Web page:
Adela of France

Adela of France,[a] known also as Adela the Holy or Adela of Messines; (1009 – 8 January 1079,[citation needed] Messines), was, by marriage, the duchess of Normandy (January – August 1027), and countess of Flanders (1035–1067).

Adela of France
Countess of Flanders
Born1009
Died(1079-01-08)8 January 1079
Messines
Burial
Benedictine Convent of Messines
SpouseRichard III, Duke of Normandy
Baldwin V, Count of Flanders
IssueBaldwin VI, Count of Flanders
Matilda, Queen of England
Robert I, Count of Flanders
HouseCapet
FatherRobert II, King of France
MotherConstance of Arles

FamilyEdit

Adela was the second daughter of King Robert II of France and Constance of Arles.[1] She is usually identified with Adela who in January 1027 married Duke Richard III of Normandy.[2] The marriage was short-lived for on 6 August of that same year Richard III suddenly died.[2] This identification is in doubt as Adela was sent in infancy to be raised in the Flemish court.[3] Adela married Count Baldwin V of Flanders in 1028.[4]

Countess of FlandersEdit

Adela managed to gain influence in the policy of Flanders, through her family connections, and was described as very proud of her rank, a pride she passed on to her children.[5] She had been given a higher education than normal for a woman by monks from the St Peter's convent in Ghent and could speak and read Latin, which she taught to her children.[5] It is evident that she was an active political partner of her spouse. Half of the charters issued by him are co-signed by her (often with the title "Sister to the King of France"), which was far from a given thing for a consort.[5] She was particularly active within church reform, such as enforcing the clerical celibacy.[5]

On the death of her brother, King Henry I, the guardianship of his seven-year-old son King Philip I fell jointly on his widow, Anne of Kiev, and on his brother-in-law, Adela's husband, so that from 1060 to 1067, they were regents of France.[6]

Adela had a strong interest in Baldwin V's church reforms and was behind her husband's founding of several collegiate churches. Directly or indirectly, she was responsible for establishing the Colleges of Aire (1049), Lille (1050) and Harelbeke (1064) as well as the abbeys of Messines (1057) and Ename (1063).

Monastic lifeEdit

After Baldwin's death in 1067, she went to Rome, took the nun's veil from the hands of Pope Alexander II and retired to the Benedictine convent of Messines, near Ypres.

In 1071, Adela's third son, Robert the Frisian, planned to invade Flanders even though at that time the count of Flanders was Adela's grandson, Arnulf III. When she heard about Robert's plans, she asked Philip I to stop him. Philip sent soldiers to support Arnulf including a contingent of ten Norman knights led by William FitzOsborn. Robert's forces attacked Arnulf's numerically superior army at Cassel before it could organize, and Arnulf was killed along with William FitzOsborn. Robert's overwhelming victory led to Philip making peace with Robert and investing him as count. A year later, Philip married Robert's stepdaughter, Bertha of Holland, and in 1074, Philip restored the seigneurie of Corbie to the crown.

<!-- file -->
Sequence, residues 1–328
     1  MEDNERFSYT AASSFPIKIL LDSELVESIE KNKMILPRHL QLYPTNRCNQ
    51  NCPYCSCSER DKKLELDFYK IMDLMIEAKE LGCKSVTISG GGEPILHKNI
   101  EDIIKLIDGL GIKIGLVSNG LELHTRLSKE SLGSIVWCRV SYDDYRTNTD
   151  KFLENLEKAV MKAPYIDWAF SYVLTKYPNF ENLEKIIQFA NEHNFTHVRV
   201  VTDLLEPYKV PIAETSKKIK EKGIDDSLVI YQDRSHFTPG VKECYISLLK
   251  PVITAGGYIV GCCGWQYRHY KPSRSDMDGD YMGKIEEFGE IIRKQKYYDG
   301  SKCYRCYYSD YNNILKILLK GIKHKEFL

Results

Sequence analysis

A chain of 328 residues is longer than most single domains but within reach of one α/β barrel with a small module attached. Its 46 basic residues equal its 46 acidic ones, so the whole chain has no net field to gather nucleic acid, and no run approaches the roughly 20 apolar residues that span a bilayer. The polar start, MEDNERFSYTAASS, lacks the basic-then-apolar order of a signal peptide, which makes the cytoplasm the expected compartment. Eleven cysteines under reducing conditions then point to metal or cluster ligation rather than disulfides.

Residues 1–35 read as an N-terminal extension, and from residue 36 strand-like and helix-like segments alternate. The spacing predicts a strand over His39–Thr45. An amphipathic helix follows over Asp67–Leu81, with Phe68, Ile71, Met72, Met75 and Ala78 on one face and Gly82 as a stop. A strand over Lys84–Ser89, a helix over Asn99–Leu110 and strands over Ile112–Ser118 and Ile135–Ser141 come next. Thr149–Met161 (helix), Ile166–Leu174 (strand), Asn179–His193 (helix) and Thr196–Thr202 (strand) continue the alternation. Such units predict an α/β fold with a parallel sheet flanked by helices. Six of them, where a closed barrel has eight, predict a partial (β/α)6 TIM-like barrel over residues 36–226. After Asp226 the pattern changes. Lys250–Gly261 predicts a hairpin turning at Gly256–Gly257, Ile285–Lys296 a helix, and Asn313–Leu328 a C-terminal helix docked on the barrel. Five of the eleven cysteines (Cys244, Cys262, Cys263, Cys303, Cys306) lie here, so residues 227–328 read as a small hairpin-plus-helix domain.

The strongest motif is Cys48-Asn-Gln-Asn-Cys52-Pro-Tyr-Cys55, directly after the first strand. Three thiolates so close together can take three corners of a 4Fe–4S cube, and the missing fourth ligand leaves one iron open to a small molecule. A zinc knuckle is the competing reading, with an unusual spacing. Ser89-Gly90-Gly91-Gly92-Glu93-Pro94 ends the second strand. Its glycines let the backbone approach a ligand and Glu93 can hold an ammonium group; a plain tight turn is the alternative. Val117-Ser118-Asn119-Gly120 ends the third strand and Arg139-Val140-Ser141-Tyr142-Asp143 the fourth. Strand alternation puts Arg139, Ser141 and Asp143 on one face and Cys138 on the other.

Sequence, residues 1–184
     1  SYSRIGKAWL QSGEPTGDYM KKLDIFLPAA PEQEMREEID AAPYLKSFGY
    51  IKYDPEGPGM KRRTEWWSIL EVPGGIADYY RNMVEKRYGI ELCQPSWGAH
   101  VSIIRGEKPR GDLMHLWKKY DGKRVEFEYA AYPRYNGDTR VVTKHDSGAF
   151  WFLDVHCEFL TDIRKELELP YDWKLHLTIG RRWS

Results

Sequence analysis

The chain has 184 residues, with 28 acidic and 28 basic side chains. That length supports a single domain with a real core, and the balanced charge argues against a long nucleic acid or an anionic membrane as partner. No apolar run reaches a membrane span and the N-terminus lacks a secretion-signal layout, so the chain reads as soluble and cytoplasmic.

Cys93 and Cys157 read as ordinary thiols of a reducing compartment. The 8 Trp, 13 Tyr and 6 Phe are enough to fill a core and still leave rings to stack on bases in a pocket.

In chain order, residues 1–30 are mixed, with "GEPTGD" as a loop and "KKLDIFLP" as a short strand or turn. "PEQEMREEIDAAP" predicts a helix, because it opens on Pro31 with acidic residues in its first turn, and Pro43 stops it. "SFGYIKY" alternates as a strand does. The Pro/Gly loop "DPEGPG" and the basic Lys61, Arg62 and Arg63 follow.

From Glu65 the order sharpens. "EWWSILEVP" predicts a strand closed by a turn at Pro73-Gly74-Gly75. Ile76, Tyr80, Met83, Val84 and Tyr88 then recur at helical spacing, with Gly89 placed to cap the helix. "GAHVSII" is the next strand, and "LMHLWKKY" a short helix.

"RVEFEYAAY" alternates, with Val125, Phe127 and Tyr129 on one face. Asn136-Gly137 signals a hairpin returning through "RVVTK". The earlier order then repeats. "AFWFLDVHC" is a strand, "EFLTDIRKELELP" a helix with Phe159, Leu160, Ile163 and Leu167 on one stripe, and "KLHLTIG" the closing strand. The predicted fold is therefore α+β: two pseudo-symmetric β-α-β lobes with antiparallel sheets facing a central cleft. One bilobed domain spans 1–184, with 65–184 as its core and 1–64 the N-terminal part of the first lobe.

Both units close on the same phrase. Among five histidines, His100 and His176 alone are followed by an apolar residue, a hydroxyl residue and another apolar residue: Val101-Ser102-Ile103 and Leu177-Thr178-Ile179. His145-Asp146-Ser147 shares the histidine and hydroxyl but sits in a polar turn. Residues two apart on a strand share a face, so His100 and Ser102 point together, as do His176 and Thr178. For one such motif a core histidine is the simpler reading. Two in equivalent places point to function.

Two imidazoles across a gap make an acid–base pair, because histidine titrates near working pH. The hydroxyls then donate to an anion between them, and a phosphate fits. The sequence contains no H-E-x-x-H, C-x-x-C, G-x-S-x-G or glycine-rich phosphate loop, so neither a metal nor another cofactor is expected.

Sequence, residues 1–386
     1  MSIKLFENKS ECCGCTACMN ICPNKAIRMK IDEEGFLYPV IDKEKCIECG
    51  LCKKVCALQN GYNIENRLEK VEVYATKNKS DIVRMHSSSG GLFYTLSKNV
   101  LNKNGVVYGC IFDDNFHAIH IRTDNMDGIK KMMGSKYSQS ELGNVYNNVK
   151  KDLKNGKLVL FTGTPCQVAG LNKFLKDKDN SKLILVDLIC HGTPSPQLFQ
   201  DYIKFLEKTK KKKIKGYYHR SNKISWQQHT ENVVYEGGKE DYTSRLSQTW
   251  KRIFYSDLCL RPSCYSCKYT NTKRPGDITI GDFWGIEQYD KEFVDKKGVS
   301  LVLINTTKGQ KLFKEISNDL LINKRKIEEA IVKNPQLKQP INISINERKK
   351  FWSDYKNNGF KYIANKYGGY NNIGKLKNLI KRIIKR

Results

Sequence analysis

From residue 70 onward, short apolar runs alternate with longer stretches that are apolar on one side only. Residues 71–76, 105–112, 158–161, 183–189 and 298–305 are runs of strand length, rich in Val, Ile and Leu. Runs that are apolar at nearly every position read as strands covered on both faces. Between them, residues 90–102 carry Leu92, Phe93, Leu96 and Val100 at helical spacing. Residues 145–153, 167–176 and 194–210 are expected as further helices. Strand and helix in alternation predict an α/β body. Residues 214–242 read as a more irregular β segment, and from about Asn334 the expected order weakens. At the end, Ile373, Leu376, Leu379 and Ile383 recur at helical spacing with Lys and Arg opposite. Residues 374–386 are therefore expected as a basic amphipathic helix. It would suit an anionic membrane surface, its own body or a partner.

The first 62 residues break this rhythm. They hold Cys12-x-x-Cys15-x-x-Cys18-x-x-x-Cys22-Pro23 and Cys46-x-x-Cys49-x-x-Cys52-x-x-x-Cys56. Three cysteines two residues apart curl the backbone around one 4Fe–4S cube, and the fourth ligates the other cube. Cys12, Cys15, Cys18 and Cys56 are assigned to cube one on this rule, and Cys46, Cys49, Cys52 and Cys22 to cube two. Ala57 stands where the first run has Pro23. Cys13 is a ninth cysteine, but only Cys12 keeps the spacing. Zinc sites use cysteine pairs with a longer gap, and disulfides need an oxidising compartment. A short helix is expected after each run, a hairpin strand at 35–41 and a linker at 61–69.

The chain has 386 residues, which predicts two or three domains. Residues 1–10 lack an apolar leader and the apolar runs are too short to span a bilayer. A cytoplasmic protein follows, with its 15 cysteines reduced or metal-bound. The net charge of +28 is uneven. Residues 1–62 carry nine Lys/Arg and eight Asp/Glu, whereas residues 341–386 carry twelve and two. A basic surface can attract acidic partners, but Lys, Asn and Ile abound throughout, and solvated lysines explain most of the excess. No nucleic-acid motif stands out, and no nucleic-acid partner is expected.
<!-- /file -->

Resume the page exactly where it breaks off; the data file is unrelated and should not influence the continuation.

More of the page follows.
Adela died in the convent of Messines and was buried at the convent. Honoured as a saint in the Roman Catholic Church, her commemoration day is 8 September.[7]

FamilyEdit

Her possible first marriage was in 1027 to Richard III, Duke of Normandy (died 1027). They had no children.

Her marriage in 1028 was to Baldwin V, Count of Flanders (died 1067).[4] Their children were:

NotesEdit

  1. ^ Other forms of her name are Adèle, Adélaïde, Adelheid, Aelis and Alix.

ReferencesEdit

  1. ^ Detlev Schwennicke, Europäische Stammtafeln: Stammtafeln zur Geschichte der Europäischen Staaten, Neue Folge, Band II (Marburg, Germany: Verlag von J. A. Stargardt, 1984), Tafel 11
  2. ^ a b Detlev Schwennicke, Europäische Stammtafeln: Stammtafeln zur Geschichte der Europäischen Staaten, Neue Folge, Band II (Marburg, Germany: Verlag von J. A. Stargardt, 1984), Tafel 79
  3. ^ Stewart, Peter. "Adèle of France". The Henry Project. Retrieved 3 November 2018.
  4. ^ a b c d e Detlev Schwennicke, Europäische Stammtafeln: Stammtafeln zur Geschichte der Europäischen Staaten, Neue Folge, Band II (Marburg, Germany: Verlag von J. A. Stargardt, 1984), Tafel 5
  5. ^ a b c d Tracy Joanne Borman: Queen of the Conqueror: The Life of Matilda, Wife of William I, Bantam Books, 2012
  6. ^ Detlev Schwennicke, Europäische Stammtafeln: Stammtafeln zur Geschichte der Europäischen Staaten, Neue Folge, Band II (Marburg, Germany: Verlag von J. A. Stargardt, 1984), Tafeln 5, 11
  7. ^ "St. Adela - Saints & Angels".


Adela of France
Born: 1009 Died: 8 January 1079
Preceded by Duchess consort of Normandy
1027
Succeeded by
Preceded by Countess consort of Flanders
1036–1067
Succeeded by